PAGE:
Interferometric Synthetic Aperture Radar (InSAR)

Science Center Objects

Interferometric Synthetic Aperture Radar (InSAR) is an effective way to measure changes in land surface altitude. InSAR makes high-density measurements over large areas by using radar signals from Earth-orbiting satellites to measure changes in land-surface altitude at high degrees of measurement resolution and spatial detail (Galloway and others, 2000).

Synthetic Aperture Radar (SAR) imagery is produced by reflecting radar signals off a target area and measuring the two-way travel time back to the satellite. The SAR interferometry technique uses two SAR images of the same area acquired at different times and "interferes" (differences) them, resulting in maps called interferograms that show ground-surface displacement (range change) between the two time periods.

Envisat - a satellite used in InSAR studies

The European Space Agency's (ESA) ENVISAT satellite was used to map and measure displacement. The satellite is side-looking, orbits the Earth at an altitude of approximately 500 miles (800 kilometers), and has 35-day repeat cycles. (Illustration by the European Space Agency.)

Advantages of InSAR

InSAR is ideally suited to measure the spatial extent and magnitude of surface deformation associated with fluid extraction and natural hazards (earthquakes, volcanoes, landslides). It is often less expensive than obtaining sparse point measurements from labor-intensive spirit-leveling and global positioning system (GPS) surveys, and can provide millions of data points in a region about 10,000 square kilometers. By identifying specific areas of deformation within broader regions of interest, InSAR imagery can also be used to better position specialized instrumentation (such as extensometers, GPS networks, and leveling lines) designed to precisely measure and monitor surface deformation over limited areas.


Satellites are an integral part of InSAR. In March 2002, the European Space Agency (ESA) launched Envisat, an advanced polar-orbiting Earth observation satellite which provides measurements of the atmosphere, ocean, land, and ice. The Envisat satellite has an ambitious and innovative payload that will ensure the continuity of the data measurements of its predecessor, the ESA European Remote Sensing (ERS) satellites. Envisat data supports earth science research and allows monitoring of the evolution of environmental and climatic changes. Furthermore, the data will facilitate the development of operational and commercial applications. Description and illustration courtesy of the European Space Agency.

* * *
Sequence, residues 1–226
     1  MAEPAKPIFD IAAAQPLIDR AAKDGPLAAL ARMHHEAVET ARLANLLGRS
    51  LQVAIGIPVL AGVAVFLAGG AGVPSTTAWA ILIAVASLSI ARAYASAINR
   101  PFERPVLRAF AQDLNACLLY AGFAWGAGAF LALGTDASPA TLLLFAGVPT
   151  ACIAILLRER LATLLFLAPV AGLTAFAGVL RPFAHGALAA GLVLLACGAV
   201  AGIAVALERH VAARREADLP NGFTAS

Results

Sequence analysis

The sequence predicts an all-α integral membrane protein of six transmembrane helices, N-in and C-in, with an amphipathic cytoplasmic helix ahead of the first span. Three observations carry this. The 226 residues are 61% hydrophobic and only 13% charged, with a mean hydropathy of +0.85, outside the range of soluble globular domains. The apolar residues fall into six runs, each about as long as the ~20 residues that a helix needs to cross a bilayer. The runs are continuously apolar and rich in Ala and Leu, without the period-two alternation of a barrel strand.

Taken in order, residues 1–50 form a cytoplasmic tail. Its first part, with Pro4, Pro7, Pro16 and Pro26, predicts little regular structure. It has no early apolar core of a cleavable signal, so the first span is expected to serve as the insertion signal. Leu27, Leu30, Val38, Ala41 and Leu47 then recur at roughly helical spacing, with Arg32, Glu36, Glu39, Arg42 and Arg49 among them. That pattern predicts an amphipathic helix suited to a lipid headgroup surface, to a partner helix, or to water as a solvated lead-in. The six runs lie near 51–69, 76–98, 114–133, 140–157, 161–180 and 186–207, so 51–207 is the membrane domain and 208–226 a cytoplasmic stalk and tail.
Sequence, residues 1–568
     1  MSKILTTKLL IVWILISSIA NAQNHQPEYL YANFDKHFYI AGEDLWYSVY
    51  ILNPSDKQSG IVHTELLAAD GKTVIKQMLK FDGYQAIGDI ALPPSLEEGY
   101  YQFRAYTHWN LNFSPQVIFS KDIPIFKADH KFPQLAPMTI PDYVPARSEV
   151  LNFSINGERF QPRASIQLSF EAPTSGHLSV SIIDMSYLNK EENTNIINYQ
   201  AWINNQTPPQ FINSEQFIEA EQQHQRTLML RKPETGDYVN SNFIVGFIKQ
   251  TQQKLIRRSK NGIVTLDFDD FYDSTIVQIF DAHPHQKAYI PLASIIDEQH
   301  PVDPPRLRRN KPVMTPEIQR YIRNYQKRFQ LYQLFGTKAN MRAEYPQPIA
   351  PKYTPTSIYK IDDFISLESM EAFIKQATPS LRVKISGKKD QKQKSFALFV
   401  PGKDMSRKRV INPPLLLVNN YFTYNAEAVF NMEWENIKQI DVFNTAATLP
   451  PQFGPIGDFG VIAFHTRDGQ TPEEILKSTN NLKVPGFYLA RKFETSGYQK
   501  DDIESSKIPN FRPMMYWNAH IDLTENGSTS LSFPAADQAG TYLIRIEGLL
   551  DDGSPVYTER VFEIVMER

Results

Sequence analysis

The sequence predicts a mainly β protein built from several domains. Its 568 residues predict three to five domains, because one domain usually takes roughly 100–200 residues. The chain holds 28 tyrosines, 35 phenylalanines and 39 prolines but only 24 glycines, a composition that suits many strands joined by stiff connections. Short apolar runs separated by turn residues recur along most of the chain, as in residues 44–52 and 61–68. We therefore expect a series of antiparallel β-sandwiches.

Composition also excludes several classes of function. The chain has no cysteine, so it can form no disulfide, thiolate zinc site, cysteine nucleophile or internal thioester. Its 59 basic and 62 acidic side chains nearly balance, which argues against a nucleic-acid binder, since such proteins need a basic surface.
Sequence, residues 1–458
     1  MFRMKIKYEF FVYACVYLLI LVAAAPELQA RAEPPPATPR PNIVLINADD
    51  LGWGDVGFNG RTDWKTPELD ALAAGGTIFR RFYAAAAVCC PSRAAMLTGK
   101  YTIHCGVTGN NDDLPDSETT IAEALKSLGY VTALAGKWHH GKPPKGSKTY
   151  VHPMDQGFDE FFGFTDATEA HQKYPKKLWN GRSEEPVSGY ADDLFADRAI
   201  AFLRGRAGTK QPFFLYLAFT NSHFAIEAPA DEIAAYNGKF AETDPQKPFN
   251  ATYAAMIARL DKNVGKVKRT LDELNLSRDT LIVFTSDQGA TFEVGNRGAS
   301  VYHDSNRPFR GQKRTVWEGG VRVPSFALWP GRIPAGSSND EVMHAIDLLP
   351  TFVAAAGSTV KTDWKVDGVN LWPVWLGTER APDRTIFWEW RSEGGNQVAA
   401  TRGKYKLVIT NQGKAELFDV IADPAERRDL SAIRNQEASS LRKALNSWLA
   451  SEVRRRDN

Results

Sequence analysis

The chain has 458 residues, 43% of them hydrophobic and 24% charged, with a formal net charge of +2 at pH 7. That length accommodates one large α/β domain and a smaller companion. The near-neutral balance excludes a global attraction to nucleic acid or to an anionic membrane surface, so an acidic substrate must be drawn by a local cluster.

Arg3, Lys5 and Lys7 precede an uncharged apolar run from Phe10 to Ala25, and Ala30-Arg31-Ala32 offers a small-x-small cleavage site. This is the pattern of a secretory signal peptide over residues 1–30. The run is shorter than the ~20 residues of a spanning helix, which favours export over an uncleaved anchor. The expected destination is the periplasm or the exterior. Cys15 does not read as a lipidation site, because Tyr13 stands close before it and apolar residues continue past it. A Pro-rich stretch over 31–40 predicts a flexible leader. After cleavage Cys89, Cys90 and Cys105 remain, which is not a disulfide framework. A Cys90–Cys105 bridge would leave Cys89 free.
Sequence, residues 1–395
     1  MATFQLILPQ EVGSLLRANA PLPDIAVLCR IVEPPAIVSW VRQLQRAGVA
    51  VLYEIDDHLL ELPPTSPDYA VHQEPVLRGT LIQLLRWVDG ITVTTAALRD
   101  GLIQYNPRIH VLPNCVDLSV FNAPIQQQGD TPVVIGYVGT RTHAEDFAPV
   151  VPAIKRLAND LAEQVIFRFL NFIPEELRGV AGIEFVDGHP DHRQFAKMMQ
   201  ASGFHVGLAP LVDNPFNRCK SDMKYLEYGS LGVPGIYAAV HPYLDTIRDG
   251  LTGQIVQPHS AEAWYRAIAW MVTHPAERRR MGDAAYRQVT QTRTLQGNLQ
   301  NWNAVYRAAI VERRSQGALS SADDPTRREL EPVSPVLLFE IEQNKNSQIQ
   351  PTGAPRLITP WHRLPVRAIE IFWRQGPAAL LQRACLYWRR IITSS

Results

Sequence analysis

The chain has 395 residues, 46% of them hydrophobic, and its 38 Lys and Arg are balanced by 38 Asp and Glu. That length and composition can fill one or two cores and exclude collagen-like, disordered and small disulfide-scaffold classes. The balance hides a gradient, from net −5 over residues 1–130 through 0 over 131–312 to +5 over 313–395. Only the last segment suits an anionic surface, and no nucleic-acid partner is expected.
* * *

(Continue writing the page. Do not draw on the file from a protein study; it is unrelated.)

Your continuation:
Interferograms are maps of relative ground-surface change that are constructed from InSAR data to help scientists understand how tectonic or human activities, such as groundwater pumping and hydrocarbon production, cause the land surface to uplift or subside. Interferograms require 2 images taken at intervals in time to determine if there has been any shift in land surface levels. If the ground has moved away from (subsidence) or towards (uplift) the satellite between the times of the two SAR images, a slightly different portion of the wavelength is reflected back to the satellite resulting in a measurable phase shift that is proportional to displacement. The map of phase shifts, or interferogram, is depicted with a repeating color scale that shows relative displacement between the first and the second acquisitions. The direction of displacement - subsidence or uplift - is indicated by sequence of the color progression of the fringe(s) toward the center of a deforming feature.

Interpreting Interferograms

Reading an interferogram isn't as complicated as it might seem. The process can be broken down into a few steps:

Illustration of a subsidence cone with an interferogram underneath it.

Step 1: Mapping InSAR displacement. In this illustration, two InSAR fringes are equal to 56 mm of deformation. (Public domain.)



Step 1

Count the number of InSAR fringes between two points on the interferogram, where one fringe is one complete color cycle (i.e. red, orange, yellow, green, blue, purple).

The figure illustrates how land-surface displacement, in this example it's subsidence, is represented on an interferogram. In this example, each fringe, or color cycle, represents 28 mm of range change








Example of an interferogram with the color bands forming a depressed cone

Step 2: Processing interferograms. In this example, two InSAR fringes are equal to 56 mm of subsidence. (Public domain.)


Step 2

Multiply the number of fringes by 28 mm (1.1 in.).

Because there are 2 fringes, the maximum displacement (at the bottom of the bowl), is 56 mm. Depending on processing, one fringe could represent a different magnitude of displacement. Generally, about 1/3 of a fringe (two colors) is discernible displacement; in this example, 10 mm of displacement. If we process the data such that 14 mm of displacement is represented by 1 fringe, then about 5 mm of displacement is discernable.






Scale of subsidence.  A rainbow of colors denotes up to 28mm of either subsidence or uplift

The third and final step in interrpeting interferograms is determining deformation. An increase in range means subsidence is depicted. A decrease in range denotes uplift. (Public domain.)

Step 3

Determine if the ground moved closer (uplift) or farther away (subsidence) from the satellite by matching how the colors change between the two points with the InSAR scale bar. An increase in range (i.e. red, orange, yellow, green, blue, purple) signifies subsidence, and a decrease in range indicates uplift.